Dracula (1931)

Bram Stoker’s 1897 novel, Dracula, has been plundered time and time again for movie adaptations of varying quality and now seems like a particularly hard-trampled piece of intellectual property. However, back when this version was released on Valentine’s Day 1931 it still seemed fresh, a story with originality and panache —and sex. It’s hard to believe now that in 1931 moviegoers were unfamiliar with vampires and the rules governing their undead existence. To the average moviegoer at this time, a ‘screen vamp’ was a sultry actress, an exotic siren like Theda Bara, Pola Negri, or Olga Baclanova.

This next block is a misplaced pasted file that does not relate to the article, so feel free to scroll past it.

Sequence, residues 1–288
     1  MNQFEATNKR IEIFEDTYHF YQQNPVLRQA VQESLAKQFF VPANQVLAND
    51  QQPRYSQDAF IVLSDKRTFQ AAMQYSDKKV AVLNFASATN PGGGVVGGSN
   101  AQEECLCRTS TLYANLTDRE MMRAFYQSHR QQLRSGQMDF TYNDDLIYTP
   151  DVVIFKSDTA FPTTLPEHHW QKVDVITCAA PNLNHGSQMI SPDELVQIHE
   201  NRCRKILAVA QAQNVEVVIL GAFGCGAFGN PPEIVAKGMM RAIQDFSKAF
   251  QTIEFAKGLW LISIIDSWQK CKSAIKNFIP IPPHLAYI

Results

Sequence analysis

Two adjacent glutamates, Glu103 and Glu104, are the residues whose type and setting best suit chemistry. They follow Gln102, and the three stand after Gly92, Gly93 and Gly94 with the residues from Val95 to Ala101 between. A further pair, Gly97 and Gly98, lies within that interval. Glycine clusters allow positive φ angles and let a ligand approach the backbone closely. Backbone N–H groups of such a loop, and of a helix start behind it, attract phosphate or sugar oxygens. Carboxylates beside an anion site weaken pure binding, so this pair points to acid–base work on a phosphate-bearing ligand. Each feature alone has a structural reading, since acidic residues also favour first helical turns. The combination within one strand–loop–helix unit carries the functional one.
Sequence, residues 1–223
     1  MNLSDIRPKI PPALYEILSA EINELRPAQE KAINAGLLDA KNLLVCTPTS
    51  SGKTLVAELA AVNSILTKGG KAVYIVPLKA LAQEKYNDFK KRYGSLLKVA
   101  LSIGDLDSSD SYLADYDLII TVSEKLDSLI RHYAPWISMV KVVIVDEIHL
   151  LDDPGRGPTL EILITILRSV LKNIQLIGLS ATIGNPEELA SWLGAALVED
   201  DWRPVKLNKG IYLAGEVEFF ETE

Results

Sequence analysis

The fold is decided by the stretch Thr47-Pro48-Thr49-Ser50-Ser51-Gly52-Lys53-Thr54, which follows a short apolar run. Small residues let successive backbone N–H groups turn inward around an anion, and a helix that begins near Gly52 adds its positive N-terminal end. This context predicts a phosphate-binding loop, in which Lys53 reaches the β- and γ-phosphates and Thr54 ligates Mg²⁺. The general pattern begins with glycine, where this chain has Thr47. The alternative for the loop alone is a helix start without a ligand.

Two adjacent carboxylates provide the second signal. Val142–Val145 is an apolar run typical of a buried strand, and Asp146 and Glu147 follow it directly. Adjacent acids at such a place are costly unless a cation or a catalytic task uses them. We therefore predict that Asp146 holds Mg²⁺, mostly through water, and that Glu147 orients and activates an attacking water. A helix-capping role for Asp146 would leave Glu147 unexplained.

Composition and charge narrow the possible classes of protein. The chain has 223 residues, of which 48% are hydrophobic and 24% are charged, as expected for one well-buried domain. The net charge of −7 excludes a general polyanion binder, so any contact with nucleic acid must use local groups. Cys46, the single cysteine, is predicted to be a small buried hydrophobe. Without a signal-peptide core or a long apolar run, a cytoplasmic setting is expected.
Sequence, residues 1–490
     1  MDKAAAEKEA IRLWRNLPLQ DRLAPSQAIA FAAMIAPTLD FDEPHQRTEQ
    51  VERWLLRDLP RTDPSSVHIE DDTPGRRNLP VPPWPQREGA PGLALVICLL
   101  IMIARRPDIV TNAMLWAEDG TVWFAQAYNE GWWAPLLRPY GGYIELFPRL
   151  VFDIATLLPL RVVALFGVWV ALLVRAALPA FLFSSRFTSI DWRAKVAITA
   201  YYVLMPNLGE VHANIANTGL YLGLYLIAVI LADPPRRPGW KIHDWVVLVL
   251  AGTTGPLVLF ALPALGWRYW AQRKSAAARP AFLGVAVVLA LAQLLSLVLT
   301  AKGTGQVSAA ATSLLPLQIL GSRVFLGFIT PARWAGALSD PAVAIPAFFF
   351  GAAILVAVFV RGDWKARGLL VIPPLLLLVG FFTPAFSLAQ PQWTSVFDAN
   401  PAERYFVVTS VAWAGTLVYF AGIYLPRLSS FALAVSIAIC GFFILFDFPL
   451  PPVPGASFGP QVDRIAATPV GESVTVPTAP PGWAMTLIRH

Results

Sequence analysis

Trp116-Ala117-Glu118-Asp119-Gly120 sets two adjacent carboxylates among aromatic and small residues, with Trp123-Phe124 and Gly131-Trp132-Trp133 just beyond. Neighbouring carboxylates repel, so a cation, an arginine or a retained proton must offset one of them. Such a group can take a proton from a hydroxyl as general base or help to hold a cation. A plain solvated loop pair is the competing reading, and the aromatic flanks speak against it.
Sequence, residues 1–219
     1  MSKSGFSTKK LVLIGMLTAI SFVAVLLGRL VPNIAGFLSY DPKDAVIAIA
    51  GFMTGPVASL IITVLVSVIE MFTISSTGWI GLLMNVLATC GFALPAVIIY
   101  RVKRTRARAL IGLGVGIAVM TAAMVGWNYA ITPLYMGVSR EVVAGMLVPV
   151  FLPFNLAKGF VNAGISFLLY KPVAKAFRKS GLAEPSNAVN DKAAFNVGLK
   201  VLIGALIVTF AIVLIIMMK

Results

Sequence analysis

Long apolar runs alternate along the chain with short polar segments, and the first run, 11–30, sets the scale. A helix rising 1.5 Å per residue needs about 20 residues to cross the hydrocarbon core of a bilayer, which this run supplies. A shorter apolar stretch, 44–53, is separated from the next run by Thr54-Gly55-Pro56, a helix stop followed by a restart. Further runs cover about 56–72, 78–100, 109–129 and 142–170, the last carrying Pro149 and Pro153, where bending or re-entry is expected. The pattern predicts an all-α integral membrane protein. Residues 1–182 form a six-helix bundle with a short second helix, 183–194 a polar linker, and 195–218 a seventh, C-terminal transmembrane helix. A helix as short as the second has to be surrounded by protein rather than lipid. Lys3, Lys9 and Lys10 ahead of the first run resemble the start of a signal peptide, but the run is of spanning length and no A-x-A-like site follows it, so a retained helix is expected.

Dracula changed all that.
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Nosferatu: A Symphony of Horror (1922)

“Your wife has a lovely neck”

Perhaps the most terrifying thing about Nosferatu is how close F.W. Murnau’s masterpiece came to being lost forever — like so many other movies of its era. Producers Prana-Film baldly plagiarized Bram Stoker’s Dracula, switching out names and locations and adding a few details, but essentially — and very obviously — lifting their narrative straight from the novel. Stoker’s widow, Florence, who relied on royalties for her income, was understandably furious and ordered all prints destroyed. Thankfully, copies survived.

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